While other phones are going large, Motorola is taking things in a different direction: small and tough.
The new Motorola Defy is a compact Android phone that wisely eschews the gigantism of other smartphones. Instead of the HTC Evo’s 4.3-inch screen or the Dell Streak’s 5-incher (please!), the Defy, which is available now from T-Mobile in the United States, has a cute little 3.6-inch display with 480 x 854 pixels. It’s small and pocketable — shorter (but thicker) than an iPhone 4 and it’s light, weighing just 4 ounces.
Despite its diminutive size, the Defy goes big in one important area: its resistance to water and grit. The case is water-resistant and the screen is made of scratch-resistant Gorilla Glass, a hardened material found in a few other recent phones. If you’ve ever dropped your phone in the toilet, spilled a beer on it or pulled it out of your pocket along with half a pound of sand after a day at the beach, you’ll understand the appeal of these two features.
There are some caveats. The tiny rubber flaps that cover the headphone jack and the USB port have to be in place. And unlike the makers of watches and other truly waterproof gear, Motorola hasn’t published a water-resistance rating, which means they don’t actually expect you to dunk it in the toilet. That said, I tested it by pouring a half pint of beer on it, yelling, “Dude, you spilled beer on my phone!” and then washing it off under a vigorously flowing kitchen tap. The Defy suffered no ill effects.
As a phone, it’s light, compact and capable. Talk time was a very respectable 5.5 hours, and sound quality seemed excellent for both listener and speaker. T-Mobile offers a Wi-Fi calling option, so you can place your calls using a local hotspot instead of the nearest T-Mobile cell tower. While you still use up your plan’s minutes this way, I found it was a great way to get a crystal-clear call even in a weak coverage area.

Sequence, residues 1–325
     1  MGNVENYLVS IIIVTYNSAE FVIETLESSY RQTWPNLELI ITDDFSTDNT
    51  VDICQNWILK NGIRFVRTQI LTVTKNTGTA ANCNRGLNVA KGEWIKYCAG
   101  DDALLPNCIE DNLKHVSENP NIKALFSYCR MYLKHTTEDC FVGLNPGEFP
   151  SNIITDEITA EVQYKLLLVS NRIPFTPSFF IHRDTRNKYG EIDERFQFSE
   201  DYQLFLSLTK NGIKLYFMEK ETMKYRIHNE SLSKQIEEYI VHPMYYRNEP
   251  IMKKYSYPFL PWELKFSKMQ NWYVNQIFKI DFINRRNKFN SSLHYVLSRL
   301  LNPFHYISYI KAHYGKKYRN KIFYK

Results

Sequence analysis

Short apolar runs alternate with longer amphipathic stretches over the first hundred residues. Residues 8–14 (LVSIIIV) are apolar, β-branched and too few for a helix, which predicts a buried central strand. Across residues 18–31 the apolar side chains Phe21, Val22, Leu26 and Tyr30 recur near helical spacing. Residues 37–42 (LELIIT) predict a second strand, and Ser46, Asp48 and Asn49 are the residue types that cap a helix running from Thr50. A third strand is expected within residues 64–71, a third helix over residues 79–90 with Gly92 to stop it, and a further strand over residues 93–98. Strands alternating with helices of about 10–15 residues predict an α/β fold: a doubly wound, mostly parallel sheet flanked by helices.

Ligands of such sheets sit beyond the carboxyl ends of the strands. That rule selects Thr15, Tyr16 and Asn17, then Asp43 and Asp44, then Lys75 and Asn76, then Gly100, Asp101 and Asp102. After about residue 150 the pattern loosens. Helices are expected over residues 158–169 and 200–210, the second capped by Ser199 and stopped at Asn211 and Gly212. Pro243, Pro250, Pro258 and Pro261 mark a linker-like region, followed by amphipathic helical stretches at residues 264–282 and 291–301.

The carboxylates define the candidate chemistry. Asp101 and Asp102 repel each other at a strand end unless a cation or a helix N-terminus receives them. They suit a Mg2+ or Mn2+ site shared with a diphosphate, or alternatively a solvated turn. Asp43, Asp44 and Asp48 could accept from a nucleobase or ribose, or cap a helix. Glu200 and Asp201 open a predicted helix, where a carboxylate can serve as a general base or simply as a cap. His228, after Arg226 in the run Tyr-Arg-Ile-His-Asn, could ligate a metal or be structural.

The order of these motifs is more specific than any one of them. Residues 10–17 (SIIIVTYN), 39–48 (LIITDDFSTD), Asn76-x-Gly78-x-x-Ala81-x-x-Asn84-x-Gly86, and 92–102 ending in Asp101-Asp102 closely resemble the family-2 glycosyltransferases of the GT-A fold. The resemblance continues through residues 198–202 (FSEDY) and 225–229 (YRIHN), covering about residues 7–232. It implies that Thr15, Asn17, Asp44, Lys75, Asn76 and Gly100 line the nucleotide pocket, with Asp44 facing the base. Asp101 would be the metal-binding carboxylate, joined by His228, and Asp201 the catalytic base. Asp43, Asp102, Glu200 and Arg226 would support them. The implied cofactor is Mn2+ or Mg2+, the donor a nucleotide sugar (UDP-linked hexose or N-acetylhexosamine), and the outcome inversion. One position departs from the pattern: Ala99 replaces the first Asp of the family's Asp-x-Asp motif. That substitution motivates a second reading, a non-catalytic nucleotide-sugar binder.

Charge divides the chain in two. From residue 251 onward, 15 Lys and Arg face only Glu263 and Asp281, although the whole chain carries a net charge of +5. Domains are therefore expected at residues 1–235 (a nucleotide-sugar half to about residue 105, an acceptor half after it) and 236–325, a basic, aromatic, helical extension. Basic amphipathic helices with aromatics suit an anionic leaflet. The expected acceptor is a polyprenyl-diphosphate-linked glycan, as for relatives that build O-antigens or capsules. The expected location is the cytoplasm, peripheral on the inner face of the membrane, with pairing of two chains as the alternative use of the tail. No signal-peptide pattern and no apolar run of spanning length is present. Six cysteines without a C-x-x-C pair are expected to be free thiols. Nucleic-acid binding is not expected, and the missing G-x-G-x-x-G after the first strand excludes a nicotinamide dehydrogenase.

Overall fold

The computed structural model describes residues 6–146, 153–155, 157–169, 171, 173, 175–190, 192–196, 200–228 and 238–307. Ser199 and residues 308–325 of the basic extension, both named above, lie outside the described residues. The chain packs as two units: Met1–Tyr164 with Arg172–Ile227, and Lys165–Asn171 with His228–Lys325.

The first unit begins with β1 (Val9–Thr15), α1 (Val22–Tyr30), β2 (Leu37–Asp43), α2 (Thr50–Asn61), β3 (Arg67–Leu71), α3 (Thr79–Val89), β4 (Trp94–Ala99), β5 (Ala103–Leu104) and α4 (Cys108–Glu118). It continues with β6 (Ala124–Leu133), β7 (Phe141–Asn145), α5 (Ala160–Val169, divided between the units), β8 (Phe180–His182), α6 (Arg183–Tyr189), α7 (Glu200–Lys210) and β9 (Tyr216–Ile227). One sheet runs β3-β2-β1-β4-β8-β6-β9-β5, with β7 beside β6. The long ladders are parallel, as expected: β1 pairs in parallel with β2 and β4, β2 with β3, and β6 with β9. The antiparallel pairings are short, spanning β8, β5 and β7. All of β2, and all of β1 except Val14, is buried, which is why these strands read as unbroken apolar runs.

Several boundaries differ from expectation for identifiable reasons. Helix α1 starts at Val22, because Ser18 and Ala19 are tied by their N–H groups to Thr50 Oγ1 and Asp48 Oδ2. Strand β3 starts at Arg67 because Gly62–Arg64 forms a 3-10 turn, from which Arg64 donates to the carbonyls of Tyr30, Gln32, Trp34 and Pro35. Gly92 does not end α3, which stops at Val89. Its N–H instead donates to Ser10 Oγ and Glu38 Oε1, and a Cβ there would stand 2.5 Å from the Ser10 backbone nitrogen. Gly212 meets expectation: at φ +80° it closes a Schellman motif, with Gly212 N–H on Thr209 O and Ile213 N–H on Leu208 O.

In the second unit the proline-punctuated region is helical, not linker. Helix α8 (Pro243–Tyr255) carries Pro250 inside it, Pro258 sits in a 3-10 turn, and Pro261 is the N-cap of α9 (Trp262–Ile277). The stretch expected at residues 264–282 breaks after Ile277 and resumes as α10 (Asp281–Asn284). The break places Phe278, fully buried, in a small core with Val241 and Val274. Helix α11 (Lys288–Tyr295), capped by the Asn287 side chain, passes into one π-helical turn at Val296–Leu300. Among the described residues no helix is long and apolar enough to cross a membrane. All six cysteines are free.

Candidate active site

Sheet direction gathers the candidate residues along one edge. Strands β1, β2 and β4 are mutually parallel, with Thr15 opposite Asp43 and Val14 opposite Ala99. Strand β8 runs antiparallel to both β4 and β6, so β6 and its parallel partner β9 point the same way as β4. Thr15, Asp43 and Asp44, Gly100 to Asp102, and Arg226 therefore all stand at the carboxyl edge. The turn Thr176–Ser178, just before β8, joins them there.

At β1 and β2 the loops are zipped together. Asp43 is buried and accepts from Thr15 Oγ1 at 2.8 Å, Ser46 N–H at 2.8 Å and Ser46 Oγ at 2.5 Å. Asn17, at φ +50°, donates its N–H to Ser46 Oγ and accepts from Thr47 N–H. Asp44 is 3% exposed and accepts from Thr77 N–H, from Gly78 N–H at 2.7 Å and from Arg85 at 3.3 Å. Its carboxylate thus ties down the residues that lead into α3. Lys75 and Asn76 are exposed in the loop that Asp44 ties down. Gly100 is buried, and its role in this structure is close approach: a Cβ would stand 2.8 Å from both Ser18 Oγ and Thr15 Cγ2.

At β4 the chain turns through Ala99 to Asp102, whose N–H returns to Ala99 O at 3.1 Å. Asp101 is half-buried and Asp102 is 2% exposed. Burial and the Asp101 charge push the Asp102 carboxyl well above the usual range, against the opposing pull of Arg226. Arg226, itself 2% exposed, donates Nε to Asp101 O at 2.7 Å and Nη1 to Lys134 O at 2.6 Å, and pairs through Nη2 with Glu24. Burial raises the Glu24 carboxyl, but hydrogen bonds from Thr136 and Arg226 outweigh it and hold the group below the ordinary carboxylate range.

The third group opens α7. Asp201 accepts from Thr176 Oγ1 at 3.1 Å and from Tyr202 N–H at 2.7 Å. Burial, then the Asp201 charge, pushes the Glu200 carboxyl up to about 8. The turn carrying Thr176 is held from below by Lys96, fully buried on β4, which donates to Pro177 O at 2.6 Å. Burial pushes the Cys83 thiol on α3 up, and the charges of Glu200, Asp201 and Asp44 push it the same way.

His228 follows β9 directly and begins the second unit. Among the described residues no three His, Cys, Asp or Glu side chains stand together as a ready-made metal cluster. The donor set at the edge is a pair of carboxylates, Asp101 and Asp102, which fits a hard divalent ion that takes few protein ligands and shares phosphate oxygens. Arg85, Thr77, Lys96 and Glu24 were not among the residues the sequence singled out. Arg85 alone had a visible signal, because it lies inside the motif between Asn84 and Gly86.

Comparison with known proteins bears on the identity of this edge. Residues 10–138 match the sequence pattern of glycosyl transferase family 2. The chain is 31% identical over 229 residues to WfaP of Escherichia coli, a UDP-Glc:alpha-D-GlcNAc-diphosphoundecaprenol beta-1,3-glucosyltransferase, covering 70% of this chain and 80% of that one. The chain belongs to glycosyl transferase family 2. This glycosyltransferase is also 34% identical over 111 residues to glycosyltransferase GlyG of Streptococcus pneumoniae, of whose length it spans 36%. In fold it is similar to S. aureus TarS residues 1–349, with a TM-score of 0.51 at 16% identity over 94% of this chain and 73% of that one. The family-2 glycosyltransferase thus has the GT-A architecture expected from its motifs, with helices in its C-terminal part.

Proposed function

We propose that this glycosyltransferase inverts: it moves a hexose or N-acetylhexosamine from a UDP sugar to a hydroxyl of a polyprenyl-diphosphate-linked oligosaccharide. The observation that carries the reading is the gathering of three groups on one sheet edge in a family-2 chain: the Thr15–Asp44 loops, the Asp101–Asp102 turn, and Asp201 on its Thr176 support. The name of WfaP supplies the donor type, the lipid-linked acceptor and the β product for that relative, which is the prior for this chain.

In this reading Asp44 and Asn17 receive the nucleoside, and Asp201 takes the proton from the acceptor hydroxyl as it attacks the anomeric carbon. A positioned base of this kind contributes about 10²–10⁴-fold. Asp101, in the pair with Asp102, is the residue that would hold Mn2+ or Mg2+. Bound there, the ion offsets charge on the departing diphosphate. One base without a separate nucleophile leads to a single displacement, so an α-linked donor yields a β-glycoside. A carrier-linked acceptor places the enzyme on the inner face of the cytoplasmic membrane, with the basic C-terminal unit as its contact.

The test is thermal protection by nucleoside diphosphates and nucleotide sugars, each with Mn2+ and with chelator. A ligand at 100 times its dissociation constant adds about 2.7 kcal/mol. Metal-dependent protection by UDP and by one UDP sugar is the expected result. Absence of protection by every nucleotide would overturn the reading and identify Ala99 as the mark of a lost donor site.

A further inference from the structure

The Defy comes with the Android skin that Motorola puts on all of its phones, Motoblur. Some people might like the enhancements this offers, such as home-screen widgets that collect tweets and Facebook status updates from your social circle, but I found it mostly useless.
The phone’s default text-entry method, a Swype-enhanced virtual keyboard, is worse than useless: It actually slowed me down significantly and nearly caused me to test the phone’s impact resistance against a wall. (There’s no physical QWERTY in this soapbar-shaped phone.) Switching to the default Android keyboard and removing a handful of Motoblur widgets went a long way toward making me feel better about the phone’s interface.
The processor is a relatively speedy 800-MHz TI OMAP 3610, and the phone has 512 MB of RAM plus 2 GB of built-in memory and a 2-GB microSD card (expandable to 32 GB). That’s more than enough to handle the phone’s basics, plus most apps you’re likely to throw at it. There’s an FM radio, aGPS, Bluetooth support, DLNA compatibility and a laundry list of other useful features.
Other aspects of the phone weren’t as stellar. That small size comes with a price, and that is a screen that may seem cramped, especially for people used to bigger displays. Size also limits the space for a battery, curtailing the phone’s useful life: In a day of reasonably steady use, the Defy’s battery was nearly dry within about 12 hours.
The camera is, in a word, meh, taking middling pictures despite its 5-megapixel resolution. The LED “flash” is about as bright as a lightning bug, casting a pale glow over subjects a few feet away but useless further out than that.
And the OS is Android 2.1, aka Eclair, which means you don’t get tasty FroYo features like built-in tethering — the one feature I was really hoping to get from this little smartphone.
With those limitations in mind, the Defy is a sturdy, unassuming, practical phone that’s rugged enough to withstand a night on the town, or a day at the beach, no matter how many beers you down. I’ll drink to that.
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